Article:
God's Finished Work

When tempted to wonder what the future has in store for him,—a practice all to common with humanity,—the Christian Scientist pauses to think. He soon sees that the habit of wondering, planning, and arranging must cease; in fact, he realizes that it is futile to make plans or to try to arrange his affairs from the ordinary material standpoint, because he has so frequently found that it does not work.

What, then, should be the attitude of an individual who is sincerely trying to think rightly, who is doing his best to live the truth he has been taught in Christian Science? How gloriously free should be the outlook of such a one; for he recognizes the fact that man's life, with every detail thereof, exists now in the divine Mind, the Mind which knows all. As one therefore goes forward fearlessly, resting in the consciousness that God knows all and that God is good, the shadows of apprehension and worry fall behind.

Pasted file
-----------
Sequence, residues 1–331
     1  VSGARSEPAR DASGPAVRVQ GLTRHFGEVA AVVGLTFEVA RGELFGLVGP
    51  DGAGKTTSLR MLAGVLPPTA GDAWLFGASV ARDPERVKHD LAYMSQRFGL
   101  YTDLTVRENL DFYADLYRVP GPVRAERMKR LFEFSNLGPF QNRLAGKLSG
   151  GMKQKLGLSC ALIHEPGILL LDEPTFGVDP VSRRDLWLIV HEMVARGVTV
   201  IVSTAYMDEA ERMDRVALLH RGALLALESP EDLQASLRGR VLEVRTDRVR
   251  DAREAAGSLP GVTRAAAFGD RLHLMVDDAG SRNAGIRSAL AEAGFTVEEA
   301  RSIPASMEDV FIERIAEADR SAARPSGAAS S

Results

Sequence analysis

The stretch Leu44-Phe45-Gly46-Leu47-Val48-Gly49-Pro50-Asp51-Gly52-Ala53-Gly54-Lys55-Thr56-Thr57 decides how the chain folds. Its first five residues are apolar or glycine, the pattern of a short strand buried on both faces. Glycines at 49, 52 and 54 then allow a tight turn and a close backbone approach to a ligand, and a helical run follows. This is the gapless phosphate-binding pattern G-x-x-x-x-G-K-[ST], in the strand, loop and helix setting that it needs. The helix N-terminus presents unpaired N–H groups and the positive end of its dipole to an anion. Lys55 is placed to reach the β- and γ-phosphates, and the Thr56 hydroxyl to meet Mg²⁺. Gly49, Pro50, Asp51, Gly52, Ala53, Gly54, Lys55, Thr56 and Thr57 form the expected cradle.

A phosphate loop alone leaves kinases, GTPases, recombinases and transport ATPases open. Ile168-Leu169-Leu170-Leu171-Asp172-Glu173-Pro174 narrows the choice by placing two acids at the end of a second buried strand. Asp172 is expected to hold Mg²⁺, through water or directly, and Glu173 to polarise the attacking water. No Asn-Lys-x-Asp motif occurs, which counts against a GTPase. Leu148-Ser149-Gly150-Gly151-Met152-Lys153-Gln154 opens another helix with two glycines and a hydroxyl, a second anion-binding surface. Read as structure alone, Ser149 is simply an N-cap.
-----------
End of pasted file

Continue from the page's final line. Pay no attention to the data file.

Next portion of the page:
Should the Christian Scientist appear for a time to beenveloped in the mists of fear and apprehension as to what the future may bring, it may be because he has left the firm foundation of right thinking, has turned away from divine Principle, and started the unsatisfactory employment of purely material arrangement. He may thus find himself sinking under the weight of the beliefs of burden and false responsibility. Not long is he allowed to remain in this wilderness, however; for the suffering which attends such a condition of thought awakens him, and he realizes that he must quickly turn from the disturbing fears and fruitless planning, and pray to understand the truths of being as God sees them.

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Our Daily Task
November 10, 1928

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